A list of cuttings

LullabyF360February 15, 2013

My mother wants a list of all plants that can be rooted from a cutting. Quite frankly, I believe she wants to know if she can steal off something from my garden. Through my research I have compiled this list:

Rose
Gardenia
Toad Lily
Bleeding Heart
Hydrangea
Hibiscus
Datura (not too sure on this one)
Passion Flower
Ivy
Cactus
Certain types of bamboo
Yucca

Most of these I have & do intend on propagating to fill out my garden. I have been told willow trees & other types of trees can be rooted from cuttings. I'm not sure how reliable it is to propagate trees from cuttings. Are there any more plants for me to add to this list? Any fruit producing ones perhaps (other than passion flower)?

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ken_adrian Adrian MI cold Z5

willow would be a lot easier than most on your list..

go buy mom.. michael dirr's compendium on propagation..

AND THEN BORROW IT FROM HER ... lol

anything is possible.... many you list.. the odds of success.. sans propagation chambers.. and serious chemicals is low to nil ...

ivy should be easy..

bleeding heart comes up from seed ...

rose is possible.. but not probable ... though i gave up long before the WWW

and some it would be much easier to lift the whole.. and slice off a division or two .... and throw momma back in the hole ... rooting would be the hard way to do it ...

and dont screw mom.. lol ..

ken

    Bookmark   February 15, 2013 at 7:18PM
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squirrellypete(z7b AL)

Well.....from my own experience here are perennials I can usually root fairly easily from cuttings in an outdoor exposed sandbox with intermittent mist. I'd say I have 80% - 100% success rate for everything on this list. Sorry I can't help you on more fruiting plants:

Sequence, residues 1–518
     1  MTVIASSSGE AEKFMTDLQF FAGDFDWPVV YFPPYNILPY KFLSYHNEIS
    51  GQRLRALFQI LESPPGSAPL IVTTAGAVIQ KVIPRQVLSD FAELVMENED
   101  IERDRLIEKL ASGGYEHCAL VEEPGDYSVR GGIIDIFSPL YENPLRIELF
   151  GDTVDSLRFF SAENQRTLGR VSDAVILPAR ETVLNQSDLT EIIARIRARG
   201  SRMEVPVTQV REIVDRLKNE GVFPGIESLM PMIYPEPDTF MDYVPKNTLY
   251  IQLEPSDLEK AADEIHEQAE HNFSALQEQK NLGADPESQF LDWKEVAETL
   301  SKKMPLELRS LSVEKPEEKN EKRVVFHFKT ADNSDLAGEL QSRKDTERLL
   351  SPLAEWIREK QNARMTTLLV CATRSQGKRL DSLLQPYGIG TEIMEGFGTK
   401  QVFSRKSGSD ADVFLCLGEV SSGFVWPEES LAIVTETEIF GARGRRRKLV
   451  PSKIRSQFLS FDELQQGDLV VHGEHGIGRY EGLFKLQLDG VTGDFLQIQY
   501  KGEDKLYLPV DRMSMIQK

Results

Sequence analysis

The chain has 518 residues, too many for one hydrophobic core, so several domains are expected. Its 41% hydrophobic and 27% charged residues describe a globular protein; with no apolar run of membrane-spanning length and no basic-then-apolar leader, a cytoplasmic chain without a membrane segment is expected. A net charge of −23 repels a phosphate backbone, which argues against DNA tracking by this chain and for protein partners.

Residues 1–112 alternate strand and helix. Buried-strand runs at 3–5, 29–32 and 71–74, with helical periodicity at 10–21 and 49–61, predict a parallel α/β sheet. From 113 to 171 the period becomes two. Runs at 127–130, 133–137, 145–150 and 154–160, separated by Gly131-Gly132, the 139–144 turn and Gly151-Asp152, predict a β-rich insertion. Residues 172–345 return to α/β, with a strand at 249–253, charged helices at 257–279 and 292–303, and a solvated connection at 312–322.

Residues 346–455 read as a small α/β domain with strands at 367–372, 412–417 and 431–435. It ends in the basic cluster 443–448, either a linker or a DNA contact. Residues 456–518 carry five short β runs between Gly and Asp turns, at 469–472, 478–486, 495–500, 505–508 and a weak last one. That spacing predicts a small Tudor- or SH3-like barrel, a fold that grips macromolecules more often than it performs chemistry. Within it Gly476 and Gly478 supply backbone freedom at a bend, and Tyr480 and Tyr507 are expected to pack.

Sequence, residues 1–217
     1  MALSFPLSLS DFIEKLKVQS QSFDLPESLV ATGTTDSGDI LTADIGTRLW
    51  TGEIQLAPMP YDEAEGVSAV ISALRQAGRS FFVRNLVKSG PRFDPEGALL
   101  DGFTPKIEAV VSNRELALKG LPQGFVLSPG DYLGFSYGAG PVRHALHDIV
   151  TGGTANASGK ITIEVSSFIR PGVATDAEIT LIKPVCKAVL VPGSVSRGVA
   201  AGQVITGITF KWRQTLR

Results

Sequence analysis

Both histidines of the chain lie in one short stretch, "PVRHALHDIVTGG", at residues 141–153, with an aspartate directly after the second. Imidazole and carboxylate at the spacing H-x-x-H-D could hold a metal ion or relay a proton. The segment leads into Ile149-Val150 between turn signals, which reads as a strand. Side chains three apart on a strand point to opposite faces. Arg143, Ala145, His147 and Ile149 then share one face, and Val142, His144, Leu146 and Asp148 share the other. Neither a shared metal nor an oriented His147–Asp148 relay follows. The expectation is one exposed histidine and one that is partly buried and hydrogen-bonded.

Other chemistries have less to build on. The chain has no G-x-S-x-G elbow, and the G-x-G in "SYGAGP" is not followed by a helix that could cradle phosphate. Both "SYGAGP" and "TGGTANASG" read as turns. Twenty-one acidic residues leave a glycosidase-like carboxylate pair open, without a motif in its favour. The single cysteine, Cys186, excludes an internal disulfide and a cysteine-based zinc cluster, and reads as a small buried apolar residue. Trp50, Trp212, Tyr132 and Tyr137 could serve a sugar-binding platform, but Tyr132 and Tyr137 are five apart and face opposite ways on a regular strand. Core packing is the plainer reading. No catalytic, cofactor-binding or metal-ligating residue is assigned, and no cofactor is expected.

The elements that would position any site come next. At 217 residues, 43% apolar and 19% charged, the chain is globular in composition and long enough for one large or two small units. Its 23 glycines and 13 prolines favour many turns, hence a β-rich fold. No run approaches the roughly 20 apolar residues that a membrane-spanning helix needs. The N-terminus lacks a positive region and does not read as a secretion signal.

Weigelia
Buddleia
Roses (all types)
Forsythia
Hydrangea
Mock Orange
Flowering Quince
Wisteria
Spirea
Abelia
False Indigo
Artemesia
Phlox
Catmint
Rosemary
Hibiscus (all types)
Tomatoes
Gardenia
Chrysanthemum
Crape Myrtle
Burning Bush
Euonymus
Verbena
Boxwood
Balloon Flower
Ligustrum
Loropetalum
Salvia
Lavender
Candytuft
Leyland Cypress
Many types of Juniper and False Cypress I have at least 50% success.

Good luck with your propagation (and Mom).

1 Like    Bookmark   February 15, 2013 at 7:52PM
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brandon7 TN_zone(7)

Wow, just too many to list.

I like the "The Reference Manual of Woody Plant Propagation: From Seed to Tissue Culture" (guess that was the one Ken meant) by Dirr idea, and the borrowing it back idea, at least for woody plants.

You mentioned Datura, and, like Brugmansia, they are very easy to propagate from cuttings.

    Bookmark   February 15, 2013 at 8:11PM
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LullabyF360

I'm glad to learn that Datura have cuttings taken from them. I'm currently growing some from seed, & it has not been a smooth journey. Another quick question for every body: there is a magnolia growing in our woods that has multiple suckers. Some have rooted themselves, the rest are just growing into saplings. I have dug up the one who have rooted & planted in my yard with success. Would it still root if I just cut one of the suckers that has not rooted. I believe it would work.

As far as my mother goes, she thinks she owns everything I own.

    Bookmark   February 15, 2013 at 9:22PM
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ken_adrian Adrian MI cold Z5

it would be easier.. to scar it while still attached to mom.. add some rooting compound.. and place a big rock over it.. and then.. come back in fall.. when it roots.. and move it then ... let mom the plant do the work ....

there is a GW search function .. i swear this topic was covered in either annuals/perennial forum in the last few months ....

i gave her dirr's name.. she can google titles as easily as i can ... but brandon is right..

and i am sounding way crabbier than i mean to.. so forgive me.. its time to sign off the interweb...

just keep trying ...

ken

    Bookmark   February 16, 2013 at 8:13PM
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donzuke12

some cuttings need a growth inhibitor. For an organic one try honey and water mix. Also most trees and plants can be grown from cuttings. Pawpaw is a tough one though. It's easier to plant the actual seed. You need 2 trees for proper fruiting and you may have to pollinate yourself because bees don't like them. Unless you want to attract flies. The fruit is awesome though. They are native to most of the USA and cold hardy.

    Bookmark   December 7, 2013 at 5:14PM
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brandon7 TN_zone(7)

"some cuttings need a growth inhibitor."

???????????????

    Bookmark   December 7, 2013 at 11:54PM
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scarzi(z7 MD)

For some of the list, root cuttings are the way to go. This works for bleeding heart, pawpaw, poppies and others.

I think two posts ago "rooting hormone" should be substituted for growth inhibitor.

    Bookmark   December 13, 2013 at 2:37PM
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